Applications for 2019/2020 are now closed and applications for 20/21 will open in Autumn 2019.
This one-year postgraduate programme course interests those, in both the public and private sectors, who are professionally involved in conflict analysis, management and resolution and who wish to study mediation and other non-adversarial dispute and conflict resolution processes (ADRs) which are increasingly a part of legislative and management structures in the EU and internationally. It aims at achieving standards of best practice for those who recognise the value of alternative dispute resolution processes in resolving commercial, community, workplace and other pre-litigation disputes and in minimising damage caused by conflict. Those who complete the programme course will have a deep understanding of the nature of conflict, the various conflict resolution processes available and will know how to apply them.
On successful completion of the programme graduates should be able to:
- Reflect critically on theories concerning the causes and dynamics of conflict in a variety of contexts
- Undertake conflict analysis using appropriate tools
- Understand the role of social and political processes in the dynamics of conflict and its resolution at local and global levels
- Demonstrate a general knowledge of Alternative Dispute Resolution (ADR) processes as they are emerging as an alternative to the adversarial system
- Analyse and evaluate the different processes of remedy and redress;
- Acquire practical skills in mediation, restorative justice and other ADRS through practical exercises and role play
Methodology and evaluation:
The assessment is based on two essays of approximately 4,000 – 4,500 words each, a 4,000 – 4,500, reflective log, and on a practical skills-based assessment. One essay focuses on the underlying theory of conflict, the other essay focuses on theories and processes of conflict resolution. The log focuses on the student’s reflection on their learning. The practical assessment focuses on conducting mediation. All modules are weighted in the calculation of the degree mark according to their ECTS credit weighting. To complete qualify for the award of the Postgraduate Diploma, students must pass all modules by obtaining satisfactorily a pass mark of 40% must be achieved on the two essays and a ‘satisfactory’ pass grading on the log and practical assessment.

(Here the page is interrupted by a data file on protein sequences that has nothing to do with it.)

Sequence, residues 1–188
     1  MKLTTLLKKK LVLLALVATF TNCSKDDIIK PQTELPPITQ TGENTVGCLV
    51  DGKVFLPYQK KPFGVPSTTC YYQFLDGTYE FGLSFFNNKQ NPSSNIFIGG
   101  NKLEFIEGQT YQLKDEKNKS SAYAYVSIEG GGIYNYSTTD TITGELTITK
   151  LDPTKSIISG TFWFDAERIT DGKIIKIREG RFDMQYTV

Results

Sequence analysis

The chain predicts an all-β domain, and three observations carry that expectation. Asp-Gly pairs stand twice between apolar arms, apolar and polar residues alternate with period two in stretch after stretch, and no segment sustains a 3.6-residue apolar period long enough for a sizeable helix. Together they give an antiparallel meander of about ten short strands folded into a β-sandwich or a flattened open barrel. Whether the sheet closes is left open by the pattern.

A successful Mediation Roleplay Competency Assessment option at the end of the programme allows students to apply for Certified Mediation status with the Mediators' Institute Ireland.
Normally a 2.1 at undergraduate level in any field. In exceptional circumstance a case for admission can be made to the Dean of Graduate Studies by the programme co-ordinator.
Course Co-ordinator: Dr. Gillian Wylie
Gillian Wylie did her MA and PhD at the University of Aberdeen in the fields of Politics and International Relations. She has been working in TCD since 2001 and coordinating the PG Diploma in Conflict and Dispute Resolution Studies since 2011. She teaches on the CDRS modules 'Understanding Conflict' and 'Theories and Processes of Conflict Resolution', with a focus on theories of conflict, tools of conflict analysis and gender analysis of conflict and peace. She also teaches on the Masters in International Peace Studies, offering modules on International Politics and Gender in War and Peace, and supervises many Masters and PhD students. Her primary research interest lies in the area of human trafficking for sexual and labour exploitation in the context of globalisation.
Other Trainers: Mary Rafferty and Lily Regan
The MII accredits mediation training courses which meet set training standards.
The purpose of CPD is to ensure that Mediators keep their knowledge and skills up to date for the benefit of users of their service and for their own personal and professional development.